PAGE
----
Some of the cheap shawarma stands and simple Lebanese and Indian restaurants have outdoor seating where you can watch the world go by. See our guide to eating street food for the best eat streets and neighbourhoods for traditional food from the Middle East. Al Mateena Rd, Deira, has a palm-filled median and dozens of Iraqi and Persian kebab restaurants. Ashwaq Cafeteria, one block from the Gold Souk has tiny tables and stools you can perch while you people-watch.
Elsewhere in the UAE, the backstreets of Sharjah, Abu Dhabi, Al Ain, and Fujairah are filled with similar places.
In Dubai in Winter You Can Drink in the Breeze
Evenings in winter in Dubai are heavenly. They’re like spring nights elsewhere. There are some fantastic outdoor bars where you can down some drinks with friends while enjoying the salty sea breeze.
You can watch the boats bobbing on the water with a glass of bubbly at The Terrace at the Park Hyatt Dubai’s waterfront vodka and champagne bar. You can drink Guinness on the grass as you watch a live band at the Irish Village at Al Garhoud. Or you can sip a glass of crisp white wine as you enjoy the Burj Al Arab light show from the wooden veranda of colonial-style Bahri Bar at Mina A’ Salam at Madinat Jumeirah.
You can inhale aromatic sheesha reclining on cushions surrounded by palm trees illuminated with fairy lights at the Sheesha Courtyard at the One&Only Royal Mirage Hotel. Or you can enjoy cocktails to the beat of a DJ overlooking the Arabian Sea at funky rooftop bar 360 degrees at Jumeirah Beach Hotel.
Dubai in Winter is Festival Time
Given the country’s preoccupation with shopping, we’ll start with the festival that helped put Dubai on the map, the Dubai Shopping Festival (26 December to 28 January, 2017). It’s a month of credit-card-busting bargains, raffles best explored at Dubai’s mega-malls such as Mall of the Emirates and The Dubai Mall.
From the start of November until early April, Dubai is home to the Global Village, with an array of cultures and countries from around the world represented, with plenty of entertainment and, of course, shopping. Once part of Dubai Shopping Festival, Global Village is now a standalone attraction running for five months (1 November 2016 to 8 April 2017), however, it’s much more pleasant to wander around during winter in Dubai when the nights are cooler.
Attracting acts from all over the world is the 15th Dubai Jazz Festival in February (22-24 February 2017), with a more eclectic program than the name would suggest. The Dubai International Film Festival also takes place in December (6-13 December 2017), with a focus on the best of Arab Cinema this year.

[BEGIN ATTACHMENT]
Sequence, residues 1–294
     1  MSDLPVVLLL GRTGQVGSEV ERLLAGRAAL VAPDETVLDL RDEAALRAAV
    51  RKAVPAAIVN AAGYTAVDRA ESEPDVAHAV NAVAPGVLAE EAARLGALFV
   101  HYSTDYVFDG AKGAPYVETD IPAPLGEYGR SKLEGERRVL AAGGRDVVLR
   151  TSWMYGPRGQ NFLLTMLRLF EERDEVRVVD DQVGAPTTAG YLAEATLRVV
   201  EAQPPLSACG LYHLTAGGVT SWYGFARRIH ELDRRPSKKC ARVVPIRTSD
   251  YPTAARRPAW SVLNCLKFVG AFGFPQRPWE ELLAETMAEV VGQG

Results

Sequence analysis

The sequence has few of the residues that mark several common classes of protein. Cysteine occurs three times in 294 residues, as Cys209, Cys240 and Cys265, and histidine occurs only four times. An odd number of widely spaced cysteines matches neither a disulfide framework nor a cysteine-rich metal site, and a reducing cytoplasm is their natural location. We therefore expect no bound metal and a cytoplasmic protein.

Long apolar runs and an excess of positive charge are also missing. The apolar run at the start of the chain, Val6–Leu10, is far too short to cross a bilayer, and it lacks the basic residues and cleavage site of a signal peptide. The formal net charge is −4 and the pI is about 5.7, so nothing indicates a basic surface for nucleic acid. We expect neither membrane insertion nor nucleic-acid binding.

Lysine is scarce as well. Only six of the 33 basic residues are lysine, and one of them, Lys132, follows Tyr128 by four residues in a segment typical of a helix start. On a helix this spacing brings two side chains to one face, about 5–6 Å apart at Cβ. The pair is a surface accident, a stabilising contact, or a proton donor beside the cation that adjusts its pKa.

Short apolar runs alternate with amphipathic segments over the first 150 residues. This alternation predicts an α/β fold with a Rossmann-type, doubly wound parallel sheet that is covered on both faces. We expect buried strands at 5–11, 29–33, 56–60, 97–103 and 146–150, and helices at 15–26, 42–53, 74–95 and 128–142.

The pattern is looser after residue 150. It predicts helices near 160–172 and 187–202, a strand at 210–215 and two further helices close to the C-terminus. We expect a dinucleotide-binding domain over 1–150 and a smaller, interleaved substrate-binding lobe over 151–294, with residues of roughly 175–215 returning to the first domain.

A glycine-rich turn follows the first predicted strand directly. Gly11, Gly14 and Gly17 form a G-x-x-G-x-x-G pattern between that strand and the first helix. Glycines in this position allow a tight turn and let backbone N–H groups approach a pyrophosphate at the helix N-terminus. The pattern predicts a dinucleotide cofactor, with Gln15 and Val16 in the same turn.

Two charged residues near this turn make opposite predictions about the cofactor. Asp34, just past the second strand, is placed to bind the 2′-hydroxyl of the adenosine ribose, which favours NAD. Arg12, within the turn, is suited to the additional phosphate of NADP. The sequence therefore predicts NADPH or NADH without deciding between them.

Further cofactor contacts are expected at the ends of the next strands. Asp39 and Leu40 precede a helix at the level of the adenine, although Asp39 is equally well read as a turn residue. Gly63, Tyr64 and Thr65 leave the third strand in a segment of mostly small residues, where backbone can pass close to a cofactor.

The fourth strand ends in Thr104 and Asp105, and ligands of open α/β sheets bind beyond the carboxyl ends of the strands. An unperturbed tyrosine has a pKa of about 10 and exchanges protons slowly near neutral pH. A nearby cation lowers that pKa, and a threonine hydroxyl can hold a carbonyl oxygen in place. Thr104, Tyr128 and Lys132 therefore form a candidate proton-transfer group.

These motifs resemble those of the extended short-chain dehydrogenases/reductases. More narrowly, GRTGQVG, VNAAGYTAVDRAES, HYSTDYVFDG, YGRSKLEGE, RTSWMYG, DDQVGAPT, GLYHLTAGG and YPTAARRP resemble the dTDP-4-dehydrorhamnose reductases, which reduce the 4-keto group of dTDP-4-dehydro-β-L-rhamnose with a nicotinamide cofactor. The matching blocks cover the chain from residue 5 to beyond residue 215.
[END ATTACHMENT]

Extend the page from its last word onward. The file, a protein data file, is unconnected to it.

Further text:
Spectator Sports Galore During Winter in Dubai
The cooler months sees Dubai’s sporting calendar move into top gear. Starting it off was the 3-day Dubai Rugby 7s held in December – a big set of dates on Dubai’s social calendar for expats, so much so that they had to construct a purpose-built venue for the event.
For those who prefer to participate in an international sporting event, the Dubai Marathon is held late-January (20 January 2017) and features a full marathon, 10km road race and 3km fun run. Dubai is so flat you might just record your best time ever.
Back to watching the worlds’ best: the action heats up with The Dubai Desert Classic golf tournament end of January to early February (30 January to 5 February 2017) featuring some of the best players in the world, followed later in the month by the 25th Dubai Tennis Championships (19 February to 4 March 2017), which attracts the world’s best women’s players followed by the men’s tournament a week later.
While horse racing is on all winter, late March sees the end of the sports season marked by the Dubai World Cup (25 March 2017) and the Dubai World Cup Carnival leading up to the big day. The world’s richest horse racing programme, this year there’s a total purse prize of over US$10 million. While there’s no gambling in Dubai, there manages to be an awful lot of unintentionally appalling fashion, which is often more entertaining as the races themselves.
And You Can Ski Dubai
If, after all this, you’re starting to get anxious over the white winter that you’re missing back home in Europe or North America, while you’re here you can still hit the slopes at Ski Dubai, Dubai’s indoor ski resort and snow park.
It’s the real deal, with a quad lift and a drag lift, a ‘black’ run, and a kid’s snowpark. All the equipment is included in the price, you just need to bring gloves. There’s even a café where you can have a hot chocolate on the snow – and you won’t need to de-ice the rental car to get home.